• LinkedIn
  • Twitter
  • Youtube

Reaching 100 carbon neutral airports in Europe by 2030

The aviation industry accounts for 2% of global, human-induced carbon dioxide (CO2) emissions annually. This may seem minimal but if aviation were a country, it would be a top ten emitter. However, significant improvements in the efficiency of air transport operations and technology have been made in the aviation sector, with aircraft produced today much more fuel efficient per passenger kilometre than in the 1960s.


To ensure international cooperation in mitigating the sector's emissions, the International Civil Aviation Organisation (ICAO) has adopted the aspirational goals of improving annual fuel efficiency by 2% as well as stabilising the sector's global CO2 emissions at 2020 levels (carbon neutral growth from 2020). The aviation industry has also committed itself to the ambitious target of a 50% reduction in net emissions by 2050, relative to 2005 levels.

An essential part of the strategy to achieve these targets will involve airports. With demand for flights forecasted to increase rapidly from 3.8 billion passengers in 2016 to 7.2 billion passengers by 2035, airports will face increasing pressure to accommodate this growth, in a sustainable manner. Decoupling growth from emissions may seem like an impossible feat, but many airports participating in the Airport Carbon Accreditation programme have proven otherwise.

Airport Carbon Accreditation (ACA), is the only independent, global carbon management standard for airports, which WSP has been involved with since its conception in 2008. Appointed as programme administrators by its owner, Airport Council International (ACI Europe), we play a key role in assessing and recognising the efforts of airports to manage and reduce their carbon emissions according to four ascending levels of certification – ‘Mapping’, ‘Reduction’, ‘Optimisation’ and ‘Neutrality’.  An impressive 2.7 billion passengers now travel through airports certified at one of these 4 levels of ACA, which is a testament to how the programme is mobilising efforts to address airport carbon footprints.

Close to meeting a global milestone of 200 participatory airports, the programme currently has 35 carbon neutral airports.

In June this year, ACI Europe and its member airports pledged to reach 100 carbon neutral airports in Europe by 2030. This is double the initial pledge of 50 carbon neutral airports, which substantiates commitment by European airports to play their part in combatting climate change.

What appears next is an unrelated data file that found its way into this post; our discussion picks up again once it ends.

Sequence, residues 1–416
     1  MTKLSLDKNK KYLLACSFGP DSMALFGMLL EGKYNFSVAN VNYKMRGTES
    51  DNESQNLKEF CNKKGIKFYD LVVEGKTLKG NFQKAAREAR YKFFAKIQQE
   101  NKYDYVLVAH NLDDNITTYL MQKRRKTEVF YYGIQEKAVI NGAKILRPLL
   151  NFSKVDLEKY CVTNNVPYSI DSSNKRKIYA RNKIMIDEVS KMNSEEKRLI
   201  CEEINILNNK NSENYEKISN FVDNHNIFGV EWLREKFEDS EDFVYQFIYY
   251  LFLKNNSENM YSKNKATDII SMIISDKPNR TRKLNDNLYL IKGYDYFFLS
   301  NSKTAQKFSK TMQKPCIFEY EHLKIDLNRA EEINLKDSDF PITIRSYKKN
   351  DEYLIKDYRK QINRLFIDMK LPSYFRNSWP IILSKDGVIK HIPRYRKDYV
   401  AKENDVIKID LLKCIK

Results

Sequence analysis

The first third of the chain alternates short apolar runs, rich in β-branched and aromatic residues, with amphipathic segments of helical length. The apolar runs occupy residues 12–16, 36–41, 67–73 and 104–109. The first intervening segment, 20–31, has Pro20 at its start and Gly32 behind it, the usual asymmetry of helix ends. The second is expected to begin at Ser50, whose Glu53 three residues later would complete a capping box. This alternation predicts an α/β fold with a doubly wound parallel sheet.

We’re supporting the realisation of this goal through the development and implementation of a carbon neutrality road map. To reach carbon neutral status, airports will have to meet with increasing obligations, such as including the emissions from third party stakeholders operating at their airport in their carbon footprint. This includes airlines, ground handlers and retailers. Once an airport has met the requirements of levels 1, 2 and 3, it can then aim for the highest level of the programme – carbon neutrality. At this level, airports will have to offset their remaining carbon emissions under their direct control which cannot be reduced further, as well as business travel emissions. ACA places a strong emphasis on ensuring airports have firstly reduced their own emissions as much as possible, before allowing them to progress to ‘Neutrality’, and offset their remaining emissions.

The majority of participatory carbon neutral airports hail from Europe (28 airports), but we are seeing more and more non-European airports becoming carbon neutral too. Last year, Dallas airport in North America and Abidjan airport in Africa, made it to the list. But the biggest growth in carbon neutral airports came from Asia-Pacific where passenger markets are set to grow the most. Last year, ACA airports at neutrality level purchased offsets amounting to 537,635 tonnes of CO2e, equivalent to the emissions of 114,000 cars.

Whilst airports differ in their approach to becoming carbon neutral, there is a consensus that reaching this status requires a mix of ‘common sense’ and innovative approaches. Popular measures include on-site generation or buying in renewable energy, the use of low-carbon fuel and efficiency improvements for lighting, heating and cooling systems throughout the airport.

Reaching the goal of 100 carbon neutral airports in Europe by 2030 requires an average of five European airports achieving carbon neutral status each year, plus current carbon neutral airports maintaining their status through to 2030. We are now in the first quarter of the 9th year of the programme, and have already certified one new European carbon neutral airport, with a few more projected to follow in the coming months.

The aviation sector is a crucial element of the ground breaking Paris Agreement and is essential for its success. Airport Carbon Accreditation plays a key role in supporting the strong commitment by airports to help limit global temperatures to less than 2°C, as set out in the Paris Agreement. Through continuous cooperation and strong individual action, we're certain that the target of 100 carbon neutral European airports by 2030 will be met with ease.

By Aisha Rodriguez, Sustainability Consultant, WSP

Visit the Aviation Week campaign page